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Client time not an option

Client time not an option

Managing partners often don’t follow closely enough what their practice groups are doing to develop and maintain their client relationships, a conference in Sydney heard last week.Canadian…

Managing partners often don’t follow closely enough what their practice groups are doing to develop and maintain their client relationships, a conference in Sydney heard last week.

Canadian lawyer and founder of Edge International, Gerry Riskin, told the World Masters of Law Firm Management conference law firms should be “obsessing” about clients to ensure that the maintenance of those relationships is not overtaken by billable work.

This could even extend to inviting a client to board meetings or at least imagining that they are attending to ensure that decisions are made not only in the best interests of the firm, but also of its clients. “If the client were in the room, what would you say or what would the decision be?”

He said while most managing partners still have to do some billable work, they must make the effort to keep a close watch on how their partners are maintaining and building new relationships with their clients.

“The managers, in my respectful opinion, based on the briefings I get from them, are not managing,” he said. While many will have good strategies to remain competitive, he said, managing partners were not always keeping a close watch on what was actually being done to implement those strategies.

“Senior management needs to meet frequently with the practice group leaders, asking them what they are doing, how they are doing it, and [asking] ‘do you need any help?’.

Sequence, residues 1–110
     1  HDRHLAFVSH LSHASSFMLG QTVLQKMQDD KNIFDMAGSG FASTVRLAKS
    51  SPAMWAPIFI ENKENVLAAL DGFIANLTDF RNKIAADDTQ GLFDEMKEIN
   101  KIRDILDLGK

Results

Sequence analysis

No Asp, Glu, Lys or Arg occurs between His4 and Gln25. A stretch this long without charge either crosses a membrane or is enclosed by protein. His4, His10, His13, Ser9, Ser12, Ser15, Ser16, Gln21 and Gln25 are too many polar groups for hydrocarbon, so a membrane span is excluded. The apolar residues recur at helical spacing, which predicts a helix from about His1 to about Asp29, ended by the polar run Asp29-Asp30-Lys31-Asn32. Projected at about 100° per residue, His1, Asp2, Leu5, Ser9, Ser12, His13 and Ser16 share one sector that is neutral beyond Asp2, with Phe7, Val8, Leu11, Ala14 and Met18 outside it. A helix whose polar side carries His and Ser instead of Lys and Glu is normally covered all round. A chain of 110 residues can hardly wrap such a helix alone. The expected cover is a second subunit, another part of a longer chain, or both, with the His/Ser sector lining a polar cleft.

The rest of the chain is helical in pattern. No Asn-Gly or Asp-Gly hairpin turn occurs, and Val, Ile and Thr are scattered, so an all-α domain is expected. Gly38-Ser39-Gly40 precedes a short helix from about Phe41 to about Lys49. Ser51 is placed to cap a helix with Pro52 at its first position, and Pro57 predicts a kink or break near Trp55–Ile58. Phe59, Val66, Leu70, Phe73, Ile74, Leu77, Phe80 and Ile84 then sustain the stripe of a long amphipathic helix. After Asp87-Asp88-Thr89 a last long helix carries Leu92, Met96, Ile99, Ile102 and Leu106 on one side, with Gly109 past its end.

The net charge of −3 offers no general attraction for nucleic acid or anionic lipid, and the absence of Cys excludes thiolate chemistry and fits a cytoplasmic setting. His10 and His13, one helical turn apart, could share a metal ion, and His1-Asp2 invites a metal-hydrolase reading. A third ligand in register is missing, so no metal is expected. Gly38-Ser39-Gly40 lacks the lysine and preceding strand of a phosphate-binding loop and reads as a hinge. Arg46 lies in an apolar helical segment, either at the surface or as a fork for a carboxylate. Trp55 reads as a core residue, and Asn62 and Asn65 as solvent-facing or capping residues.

“So management’s job is to continually be following up and helping, not admonishing, not catching people doing things wrong and embarrassing them, but in a positive way — ‘We are having a meeting next week: how’s it going in your group? And by the way, I need a positive report as I need you as a role model to demonstrate … to the others that it can be done’.”

To ensure a “client service culture”, he suggested that firms have a quantitative way to measure “client satisfaction”. This could then be turned into a “client satisfaction score” that is allocated to each partner as part of their key performance indicators.

John O’Shea, president of the Australasian Professional Services Marketing Association, told the conference that understanding clients involved not only their business but what concerned and interested key decision makers personally.

“You need to tap into what is happening in that organisation. You have got to be more than just a very well trained, insightful lawyer,” he said. Understanding the client or potential client included getting to know what “drives the business” as well as the key people who will be making the decisions that would affect the law firm.

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